In a cruel twist of fate the story loses Donovan and McGuire is left as the “Man Outgunned” against the murderers. There's a couple of really good side-stories that develop regarding a Mexican sheriff, an orphaned boy and a grieving widow. Patten threads these elements into the novel's road trip, focusing on McGuire's date with destiny while attempting to build even the weakest of alliances to fight the overwhelming odds.

If you love westerns, this is a mandatory read. Patten is absolutely a master of the craft and one of the better writers of any genre. “Man Outgunned” is one of the best books I've read in 2018 (this review being published a few months later) and another fine entry in what has become a treasured author. Buy everything the man has written. It's worth every cent.

Buy a copy of the book HERE

Wednesday, November 21, 2018

Death Rides a Black Horse

Author Lewis B. Patten (1915-1981), born in Denver, Colorado, served in the U.S. Navy from 1933-1937. Later, he was educated at the University of Denver and became an auditor for the Colorado Department of Revenue. It was in this 1940s period that he began his writing endeavors. His first novel, “Massacre at White River”, was published in 1952. It was the first of more than 90 western novels, three of which won Golden Spur Awards. My first Patten review is a 1978 coming of age tale entitled “Death Rides a Black Horse”.

We're introduced to 15-year old Frank Halliday and his father Walter. The two live on a sweeping 200,000+ acre ranch in Wyoming. The ranch foreman is Rafe and his second command is Standing Bear. This is important in the ranch hierarchy due to Walter's fatal fall from a horse. Frank attends the reading of the will and finds that his father has left a house and plenty of farm land to a neighboring girlfriend. The ranch and lucrative funds are trusted to Frank for distribution on his 21st birthday. Rafe, dedicating the majority of his life to the Halliday Ranch, is left with 5K and a lifetime job. The kicker – the entire spread goes to Rafe in the event of Frank's death prior to age 21. This opens the door for Patten's jealousy ridden murder narrative to fully develop.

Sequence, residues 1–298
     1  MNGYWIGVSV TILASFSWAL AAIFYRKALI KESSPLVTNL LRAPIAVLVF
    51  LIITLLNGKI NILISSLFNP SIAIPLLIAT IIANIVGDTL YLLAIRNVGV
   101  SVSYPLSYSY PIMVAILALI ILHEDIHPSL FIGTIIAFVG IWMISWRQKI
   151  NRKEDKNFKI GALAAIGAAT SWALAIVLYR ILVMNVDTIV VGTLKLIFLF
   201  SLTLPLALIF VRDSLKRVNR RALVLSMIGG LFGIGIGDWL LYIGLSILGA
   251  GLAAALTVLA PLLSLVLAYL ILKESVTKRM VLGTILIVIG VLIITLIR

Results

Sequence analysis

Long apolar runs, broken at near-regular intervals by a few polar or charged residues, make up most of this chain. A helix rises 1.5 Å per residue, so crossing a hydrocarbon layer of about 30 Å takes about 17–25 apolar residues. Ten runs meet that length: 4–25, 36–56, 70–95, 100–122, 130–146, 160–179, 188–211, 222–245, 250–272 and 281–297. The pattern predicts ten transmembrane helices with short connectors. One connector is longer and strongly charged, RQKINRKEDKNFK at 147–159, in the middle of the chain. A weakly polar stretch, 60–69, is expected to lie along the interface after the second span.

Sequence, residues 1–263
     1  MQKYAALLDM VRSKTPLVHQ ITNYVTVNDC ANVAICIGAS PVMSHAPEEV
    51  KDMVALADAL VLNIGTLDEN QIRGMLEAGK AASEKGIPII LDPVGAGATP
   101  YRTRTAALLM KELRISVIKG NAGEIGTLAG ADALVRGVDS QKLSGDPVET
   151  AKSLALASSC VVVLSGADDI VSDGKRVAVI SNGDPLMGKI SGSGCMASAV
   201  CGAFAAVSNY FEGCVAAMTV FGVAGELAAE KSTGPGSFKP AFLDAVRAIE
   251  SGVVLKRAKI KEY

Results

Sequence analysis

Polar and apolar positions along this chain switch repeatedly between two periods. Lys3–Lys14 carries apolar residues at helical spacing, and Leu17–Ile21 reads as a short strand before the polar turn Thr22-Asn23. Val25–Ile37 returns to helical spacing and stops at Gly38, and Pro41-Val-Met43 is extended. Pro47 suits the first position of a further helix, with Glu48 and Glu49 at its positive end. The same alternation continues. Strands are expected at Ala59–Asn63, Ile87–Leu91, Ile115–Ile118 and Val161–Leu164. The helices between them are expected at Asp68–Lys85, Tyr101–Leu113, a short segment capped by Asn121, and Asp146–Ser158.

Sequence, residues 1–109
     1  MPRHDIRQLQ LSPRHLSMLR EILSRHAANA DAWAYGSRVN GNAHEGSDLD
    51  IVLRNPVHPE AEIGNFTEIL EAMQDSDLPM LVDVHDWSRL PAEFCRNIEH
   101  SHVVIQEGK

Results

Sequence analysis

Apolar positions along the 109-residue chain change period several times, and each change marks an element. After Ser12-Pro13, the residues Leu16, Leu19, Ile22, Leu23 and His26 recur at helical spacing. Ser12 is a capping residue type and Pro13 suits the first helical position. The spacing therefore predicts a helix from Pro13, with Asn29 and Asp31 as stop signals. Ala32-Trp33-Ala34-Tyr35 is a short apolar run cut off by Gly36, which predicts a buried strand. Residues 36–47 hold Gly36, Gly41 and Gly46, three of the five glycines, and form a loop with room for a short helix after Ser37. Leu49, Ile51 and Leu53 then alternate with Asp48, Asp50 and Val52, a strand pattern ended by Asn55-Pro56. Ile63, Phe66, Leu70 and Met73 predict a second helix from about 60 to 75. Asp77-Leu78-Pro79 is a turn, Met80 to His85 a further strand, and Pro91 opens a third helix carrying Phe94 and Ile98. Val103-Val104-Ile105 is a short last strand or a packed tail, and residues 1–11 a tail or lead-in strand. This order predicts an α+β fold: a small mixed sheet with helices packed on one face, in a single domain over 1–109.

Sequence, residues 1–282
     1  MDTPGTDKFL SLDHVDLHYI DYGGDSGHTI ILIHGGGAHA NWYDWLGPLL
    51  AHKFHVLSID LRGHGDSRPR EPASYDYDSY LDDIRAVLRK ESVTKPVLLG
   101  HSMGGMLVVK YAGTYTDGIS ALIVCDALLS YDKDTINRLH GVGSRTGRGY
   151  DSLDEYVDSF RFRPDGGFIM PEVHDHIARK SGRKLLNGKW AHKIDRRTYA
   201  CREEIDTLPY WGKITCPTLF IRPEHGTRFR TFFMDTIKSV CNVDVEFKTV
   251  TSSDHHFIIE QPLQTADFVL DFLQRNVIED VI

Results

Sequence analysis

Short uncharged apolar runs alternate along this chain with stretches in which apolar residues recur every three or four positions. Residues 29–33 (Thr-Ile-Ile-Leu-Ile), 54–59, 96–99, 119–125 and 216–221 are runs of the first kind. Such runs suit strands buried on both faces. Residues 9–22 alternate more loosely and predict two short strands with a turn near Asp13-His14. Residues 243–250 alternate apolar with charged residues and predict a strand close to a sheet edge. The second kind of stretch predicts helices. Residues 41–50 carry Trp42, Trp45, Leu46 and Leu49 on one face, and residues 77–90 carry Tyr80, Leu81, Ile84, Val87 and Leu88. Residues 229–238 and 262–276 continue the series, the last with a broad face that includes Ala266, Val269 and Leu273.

Frank, understanding Rafe's disappointment, senses that his life may be in danger. Soon, he's asked to ride out and check one of the springs. He's ambushed by two rustlers and forced to kill them in the attack. In his confusion, Frank runs away fearing that Rafe and Standing Bear will kill him upon his return to the ranch. The book drifts into Frank hopping trains, stealing horses, befriending Cherokees and eventually meeting the love interest Susan. This middle portion reads like a brisk adventure tale.

The book's final quarter has Frank shooting it out with more hired killers, realizing that his father's own money (remember the 5K to Rafe?) is being utilized to murder him. While the reader suspects the finale will be a whirlwind firefight in the mountains, it actually equates to a jail scene with an angry mob hungry for a lynching. How we get there is an interesting twist, proving that Patten had a few cards up his sleeve to avoid the generic western formula. 

Again, this is my first foray into the bibliography of Patten. Like my recent Frank Gruber read, I just find it amazing that so many great westerns and western writers are out there even when you look beyond genre cornerstones like Zane Grey, L'Amour and Johnstone. For me, I've already purchased six more Pattens and have read that some of his finest works are “A Killing at Kiowa” (1972) and “Ride a Crooked Trail” (1976). I'm on it!

Buy a copy of this book HERE